Livingston, Kinkead & Co., and Hooper & Williams were the most important firms. The outfitting business done in Atchison was one of the most significant factors in establishing the town as a commercial center. The first merchants to open stores in the new town were George Challis, the Burns Brothers, Stephen Johnston, and Samuel Dickson.
On August 30, 1855, Atchison was incorporated. The town company had required every settler to build a house at least six feet square upon his lot, but when the survey was made, it was discovered that some of these buildings were upon school lands.
The title to the school lands remained in question for some time, but in 1857 all lands embraced within the corporate limits of the town were acquired by the town company from the general government, and in turn, conveyed the lots to the individual purchasers, the titles being finally confirmed by the court.
During these early days of Atchison’s history, the city was heavily involved in the Kansas-Missouri Border War, as the vast majority of her initial settlers were pro-slavery advocates. Despite these troubles, Atchison grew very fast, and by the fall of 1856, she boasted some 50 new buildings.
The first schools in the town were private, the first of which was opened in 1857 by Lizzie Bay. The first school district was established in October 1858, and a month later, the Atchison free high school was opened at the corner of Atchison and Commercial Streets.
Dr. John H. Stringfellow had North Atchison surveyed and platted in the fall of 1857, which started more new additions. In February 1858, West Atchison was laid out by John Roberts, and in May, Samuel Dickson had his property surveyed as South Atchison. Still another addition was made by John Challis sometime later.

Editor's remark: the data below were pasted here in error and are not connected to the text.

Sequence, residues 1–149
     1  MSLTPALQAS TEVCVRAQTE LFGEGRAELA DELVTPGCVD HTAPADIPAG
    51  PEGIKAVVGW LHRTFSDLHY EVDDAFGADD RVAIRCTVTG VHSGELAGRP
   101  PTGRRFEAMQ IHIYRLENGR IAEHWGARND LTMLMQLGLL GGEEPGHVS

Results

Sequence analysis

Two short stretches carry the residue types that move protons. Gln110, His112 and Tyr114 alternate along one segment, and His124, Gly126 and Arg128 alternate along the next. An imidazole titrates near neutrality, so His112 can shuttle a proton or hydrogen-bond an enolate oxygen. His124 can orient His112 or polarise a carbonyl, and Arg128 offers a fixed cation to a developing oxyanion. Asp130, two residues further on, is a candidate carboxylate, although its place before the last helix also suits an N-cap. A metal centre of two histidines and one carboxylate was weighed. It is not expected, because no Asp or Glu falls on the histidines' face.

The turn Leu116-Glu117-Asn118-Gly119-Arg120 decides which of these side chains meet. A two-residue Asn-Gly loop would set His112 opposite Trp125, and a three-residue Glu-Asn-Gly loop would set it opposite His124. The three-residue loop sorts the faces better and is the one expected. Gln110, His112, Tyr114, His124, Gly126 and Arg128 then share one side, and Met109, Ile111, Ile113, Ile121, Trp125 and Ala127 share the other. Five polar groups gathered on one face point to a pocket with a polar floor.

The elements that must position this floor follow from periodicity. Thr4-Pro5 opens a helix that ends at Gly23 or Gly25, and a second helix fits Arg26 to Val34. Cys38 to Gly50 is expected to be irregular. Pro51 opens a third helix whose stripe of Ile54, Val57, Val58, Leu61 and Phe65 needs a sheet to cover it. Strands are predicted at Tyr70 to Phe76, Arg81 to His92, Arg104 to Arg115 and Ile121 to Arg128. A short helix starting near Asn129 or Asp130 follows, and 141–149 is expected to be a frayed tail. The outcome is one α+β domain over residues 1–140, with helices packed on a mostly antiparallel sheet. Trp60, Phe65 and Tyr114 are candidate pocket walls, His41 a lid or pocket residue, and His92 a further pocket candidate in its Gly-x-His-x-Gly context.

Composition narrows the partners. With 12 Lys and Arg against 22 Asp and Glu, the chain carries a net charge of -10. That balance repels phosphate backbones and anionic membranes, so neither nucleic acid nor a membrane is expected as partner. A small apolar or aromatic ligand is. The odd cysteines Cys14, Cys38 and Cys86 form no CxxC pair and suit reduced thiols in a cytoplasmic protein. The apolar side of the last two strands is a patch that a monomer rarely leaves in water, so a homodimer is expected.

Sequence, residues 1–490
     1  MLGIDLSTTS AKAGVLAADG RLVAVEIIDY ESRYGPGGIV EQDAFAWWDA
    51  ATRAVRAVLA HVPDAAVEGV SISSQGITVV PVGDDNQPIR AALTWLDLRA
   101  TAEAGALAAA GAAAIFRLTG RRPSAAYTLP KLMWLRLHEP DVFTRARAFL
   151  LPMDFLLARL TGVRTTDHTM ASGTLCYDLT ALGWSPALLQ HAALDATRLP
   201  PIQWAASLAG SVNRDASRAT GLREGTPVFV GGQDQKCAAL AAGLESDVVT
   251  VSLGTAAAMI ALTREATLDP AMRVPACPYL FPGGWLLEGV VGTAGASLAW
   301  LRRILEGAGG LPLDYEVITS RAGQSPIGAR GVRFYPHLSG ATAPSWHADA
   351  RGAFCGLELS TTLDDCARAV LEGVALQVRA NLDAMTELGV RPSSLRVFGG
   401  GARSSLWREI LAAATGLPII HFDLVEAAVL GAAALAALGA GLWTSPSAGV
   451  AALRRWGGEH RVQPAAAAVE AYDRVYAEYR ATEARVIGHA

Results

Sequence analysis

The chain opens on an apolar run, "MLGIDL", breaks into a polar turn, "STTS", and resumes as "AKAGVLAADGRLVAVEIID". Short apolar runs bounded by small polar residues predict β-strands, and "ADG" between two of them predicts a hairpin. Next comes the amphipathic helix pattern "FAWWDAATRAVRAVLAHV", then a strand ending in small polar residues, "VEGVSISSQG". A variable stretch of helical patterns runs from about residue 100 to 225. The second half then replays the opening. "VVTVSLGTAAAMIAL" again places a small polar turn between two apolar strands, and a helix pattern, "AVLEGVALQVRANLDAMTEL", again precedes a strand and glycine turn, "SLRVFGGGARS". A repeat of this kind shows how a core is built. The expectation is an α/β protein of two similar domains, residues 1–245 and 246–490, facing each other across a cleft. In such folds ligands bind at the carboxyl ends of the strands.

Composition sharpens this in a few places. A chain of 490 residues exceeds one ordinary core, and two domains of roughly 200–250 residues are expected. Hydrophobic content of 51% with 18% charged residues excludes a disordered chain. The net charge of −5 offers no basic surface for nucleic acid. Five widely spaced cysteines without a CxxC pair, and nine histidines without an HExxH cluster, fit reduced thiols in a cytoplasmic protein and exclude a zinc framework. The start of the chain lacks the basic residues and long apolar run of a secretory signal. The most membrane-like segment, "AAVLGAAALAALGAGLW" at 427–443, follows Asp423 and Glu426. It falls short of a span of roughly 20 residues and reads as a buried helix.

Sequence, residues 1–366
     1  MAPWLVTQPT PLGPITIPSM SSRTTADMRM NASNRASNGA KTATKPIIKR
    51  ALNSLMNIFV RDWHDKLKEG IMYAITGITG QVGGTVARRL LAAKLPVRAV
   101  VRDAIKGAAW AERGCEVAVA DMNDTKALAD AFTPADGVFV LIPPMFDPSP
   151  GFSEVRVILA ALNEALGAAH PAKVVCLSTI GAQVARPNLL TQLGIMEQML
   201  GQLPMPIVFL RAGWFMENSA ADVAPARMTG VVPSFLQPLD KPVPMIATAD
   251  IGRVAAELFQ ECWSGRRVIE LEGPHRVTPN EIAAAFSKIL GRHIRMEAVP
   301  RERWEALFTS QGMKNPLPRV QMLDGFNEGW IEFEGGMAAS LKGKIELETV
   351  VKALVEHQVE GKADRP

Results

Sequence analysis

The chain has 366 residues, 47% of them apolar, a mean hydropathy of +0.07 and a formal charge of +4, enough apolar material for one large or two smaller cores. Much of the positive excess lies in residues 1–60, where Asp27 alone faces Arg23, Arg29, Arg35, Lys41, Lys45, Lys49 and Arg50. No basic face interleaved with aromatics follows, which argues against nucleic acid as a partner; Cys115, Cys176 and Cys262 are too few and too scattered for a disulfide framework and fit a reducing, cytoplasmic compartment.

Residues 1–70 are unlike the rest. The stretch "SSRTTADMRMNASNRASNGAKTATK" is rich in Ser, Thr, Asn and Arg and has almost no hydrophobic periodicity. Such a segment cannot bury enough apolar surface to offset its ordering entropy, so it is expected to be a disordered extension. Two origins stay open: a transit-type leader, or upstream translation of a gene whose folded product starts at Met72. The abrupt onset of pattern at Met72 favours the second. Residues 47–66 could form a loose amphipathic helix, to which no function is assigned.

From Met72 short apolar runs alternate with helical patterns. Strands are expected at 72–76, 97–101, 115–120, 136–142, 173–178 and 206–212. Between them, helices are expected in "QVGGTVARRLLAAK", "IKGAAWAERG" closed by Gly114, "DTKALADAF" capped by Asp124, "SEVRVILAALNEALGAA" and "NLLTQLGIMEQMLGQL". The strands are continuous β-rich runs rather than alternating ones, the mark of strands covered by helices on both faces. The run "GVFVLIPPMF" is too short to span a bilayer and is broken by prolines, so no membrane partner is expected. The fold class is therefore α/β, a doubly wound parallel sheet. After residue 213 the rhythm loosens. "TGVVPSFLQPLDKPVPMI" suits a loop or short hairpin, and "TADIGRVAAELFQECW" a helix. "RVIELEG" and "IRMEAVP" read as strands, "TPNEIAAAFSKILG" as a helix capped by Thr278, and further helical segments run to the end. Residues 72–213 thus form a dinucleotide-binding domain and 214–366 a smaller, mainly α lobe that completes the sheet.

On February 12, 1858, the legislature issued a charter to the city of Atchison, which the people approved on March 2 at a special election. The first city officers were elected at a second special election on March 13, 1858. That same year, Atchison also became the county seat, with Lancaster, some 11 miles west, and Sumner, 3 miles south, as rivals. The following year the Atchison courthouse would be built in the city. It would later be replaced by a stone courthouse built in 1897, which continues to stand today.
Among other early settlers in Atchison were the Benedictine monks who established St. Benedict’s Abbey in 1858. They would also establish Mount St. Scholastica in 1863. For the next 150 years, the Benedictine Brothers and Sisters would play an integral role in the community’s cultural, religious, and educational development. Their buildings and people are still prominent in the community of Atchison today.
During this time, the transportation business was immense. During the summer of 1858 alone, twenty-four trains consisting of 775 wagons, 1,114 men, 7,963 oxen, 142 horses, 1,286 mules, and 3,730,905 pounds of merchandise came through Atchison.
One single train – sent out by Hockaday, Burr & Co. consisted of 105 wagons, 225 men, 1,000 oxen, 200 mules, 50 horses, and 465,500 pounds of merchandise. This was the largest train that ever left any point for the West. The goods being purchased were to supply a chain of stage station stores that Hockaday, Burr & Co. had located between Atchison and Salt Lake City, Utah. By the early part of 1859, the city boasted eight hardware establishments, 19 retail grocery stores, eight wholesale groceries, 12 dry goods stores, and 26 law firms. The population at this time was about 500.
Atchison was one of the first cities in Kansas to be connected by telegraph with the east. In 1859, the St. Louis & Missouri Valley Telegraph company extended its line from Leavenworth to Atchison.